@genemachine3 sent me this great animated gif – and it makes my brain hurt.  Can you figure it out?



  1. I’m not sure there’s any great mystery here. It’s a series of frames that gradually zooms into a perfect copy of the original scene to the point that the last frame in the animated gif is the natural precursor of the very first one. No doubt tricky to achieve, but hardly a mystery.

    It’s even got a name – it’s called the Droste effect.


    1. Should add there’s 50 here – they aren’t generally animated, but it’s easily done by gradually zooming in to the next smaller image down whence you can revert to the first image. Of course doing it with a 3D image and taking an apparent rotation (and apparently hiding the recursive image at one point) is rather more tricky, but the principle is straightforwards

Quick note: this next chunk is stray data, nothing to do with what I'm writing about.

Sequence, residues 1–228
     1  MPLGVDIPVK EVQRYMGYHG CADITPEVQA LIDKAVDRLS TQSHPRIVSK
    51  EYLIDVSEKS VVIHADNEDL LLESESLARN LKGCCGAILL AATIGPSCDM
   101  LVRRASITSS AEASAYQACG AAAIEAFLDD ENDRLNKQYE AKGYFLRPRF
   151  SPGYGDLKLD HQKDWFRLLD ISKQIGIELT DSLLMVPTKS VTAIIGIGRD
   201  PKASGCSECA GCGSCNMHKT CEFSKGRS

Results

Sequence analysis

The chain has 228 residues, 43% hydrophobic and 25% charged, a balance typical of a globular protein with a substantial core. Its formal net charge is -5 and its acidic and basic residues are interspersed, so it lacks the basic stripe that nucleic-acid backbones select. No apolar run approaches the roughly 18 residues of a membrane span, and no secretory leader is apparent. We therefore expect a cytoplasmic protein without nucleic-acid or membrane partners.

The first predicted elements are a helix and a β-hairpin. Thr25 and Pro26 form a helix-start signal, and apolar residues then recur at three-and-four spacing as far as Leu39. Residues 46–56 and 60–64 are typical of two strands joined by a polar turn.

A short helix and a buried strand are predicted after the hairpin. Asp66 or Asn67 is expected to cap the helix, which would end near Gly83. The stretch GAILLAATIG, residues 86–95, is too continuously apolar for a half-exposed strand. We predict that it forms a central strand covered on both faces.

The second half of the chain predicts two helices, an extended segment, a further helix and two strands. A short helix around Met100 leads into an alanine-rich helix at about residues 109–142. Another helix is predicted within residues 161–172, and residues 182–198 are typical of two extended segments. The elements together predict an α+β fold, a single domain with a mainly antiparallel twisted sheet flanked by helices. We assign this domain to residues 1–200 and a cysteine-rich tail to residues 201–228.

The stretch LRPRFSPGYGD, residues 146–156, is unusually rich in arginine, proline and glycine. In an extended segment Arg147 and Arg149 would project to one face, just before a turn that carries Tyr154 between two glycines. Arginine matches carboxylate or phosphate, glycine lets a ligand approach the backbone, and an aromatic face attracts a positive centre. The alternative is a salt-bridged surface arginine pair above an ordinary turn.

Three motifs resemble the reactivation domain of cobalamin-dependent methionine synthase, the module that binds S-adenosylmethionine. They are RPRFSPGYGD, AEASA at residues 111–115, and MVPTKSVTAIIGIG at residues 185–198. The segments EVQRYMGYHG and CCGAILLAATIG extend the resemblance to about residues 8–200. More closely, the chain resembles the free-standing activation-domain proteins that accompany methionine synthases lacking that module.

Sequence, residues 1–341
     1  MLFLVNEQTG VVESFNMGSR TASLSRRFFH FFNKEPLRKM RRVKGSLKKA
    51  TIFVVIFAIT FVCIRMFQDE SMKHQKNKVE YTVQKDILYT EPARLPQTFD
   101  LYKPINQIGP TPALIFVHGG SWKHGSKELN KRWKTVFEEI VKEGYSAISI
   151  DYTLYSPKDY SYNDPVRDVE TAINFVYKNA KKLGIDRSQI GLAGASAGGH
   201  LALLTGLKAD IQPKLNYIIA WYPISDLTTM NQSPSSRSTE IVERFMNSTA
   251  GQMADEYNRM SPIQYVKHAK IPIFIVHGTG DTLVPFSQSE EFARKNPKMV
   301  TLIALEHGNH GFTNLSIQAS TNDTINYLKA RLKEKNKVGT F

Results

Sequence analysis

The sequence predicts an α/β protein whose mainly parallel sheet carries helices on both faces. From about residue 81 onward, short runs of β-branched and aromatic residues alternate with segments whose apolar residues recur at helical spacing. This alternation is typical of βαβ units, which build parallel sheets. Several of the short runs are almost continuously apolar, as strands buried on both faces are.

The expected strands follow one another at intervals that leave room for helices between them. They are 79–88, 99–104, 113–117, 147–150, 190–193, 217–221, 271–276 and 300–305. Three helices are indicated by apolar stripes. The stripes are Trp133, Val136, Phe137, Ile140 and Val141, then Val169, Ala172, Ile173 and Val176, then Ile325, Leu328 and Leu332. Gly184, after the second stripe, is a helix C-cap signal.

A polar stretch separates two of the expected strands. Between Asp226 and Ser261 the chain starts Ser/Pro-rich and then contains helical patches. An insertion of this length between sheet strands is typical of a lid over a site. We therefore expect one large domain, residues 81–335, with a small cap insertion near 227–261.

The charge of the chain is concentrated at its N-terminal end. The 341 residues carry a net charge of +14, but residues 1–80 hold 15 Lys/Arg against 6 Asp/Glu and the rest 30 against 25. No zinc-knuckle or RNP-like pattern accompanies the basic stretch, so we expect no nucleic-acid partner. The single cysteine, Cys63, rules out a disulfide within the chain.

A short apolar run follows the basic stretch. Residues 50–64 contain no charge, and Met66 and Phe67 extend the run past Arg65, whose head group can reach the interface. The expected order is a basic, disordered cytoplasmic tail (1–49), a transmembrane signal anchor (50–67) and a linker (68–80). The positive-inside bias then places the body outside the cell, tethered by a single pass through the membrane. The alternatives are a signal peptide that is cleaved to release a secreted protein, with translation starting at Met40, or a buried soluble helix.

Of course it’s a Dutch term as there are obvious relationships to MC Escher’s work.

    2. That’s pretty much what I though, but less technically. Actually, my thought was, “What’s to figure out? Am I missing something?”

  2. Nicely done.

    I can make that too. It’s a 3D fractal of a table with objects. Render one generation of the fractal and repeat the sequence.

  3. My favorite example showing MC Escher’s “Prentententoonstelling”, where they filled in the hole in the middle at the point of recursion and animated it.

    First time I saw this was in grade school, where a classmate had a Muppets lunch box. In the picture on the box, one of the Muppets was holding the same lunchbox, which had a picture…
    Mind was blown. How many people can recall the first time they grasped the concept of infinity?

  4. After the required number of ‘rotations’, it now gives the final answer what atoms are made of. It is good to prove all those atomic scientists are wrong. All it takes is to look at Richard Wiseman’s ‘Quirky Stuff’. Will you let us know when you are offered your Nobel Prize for Science?

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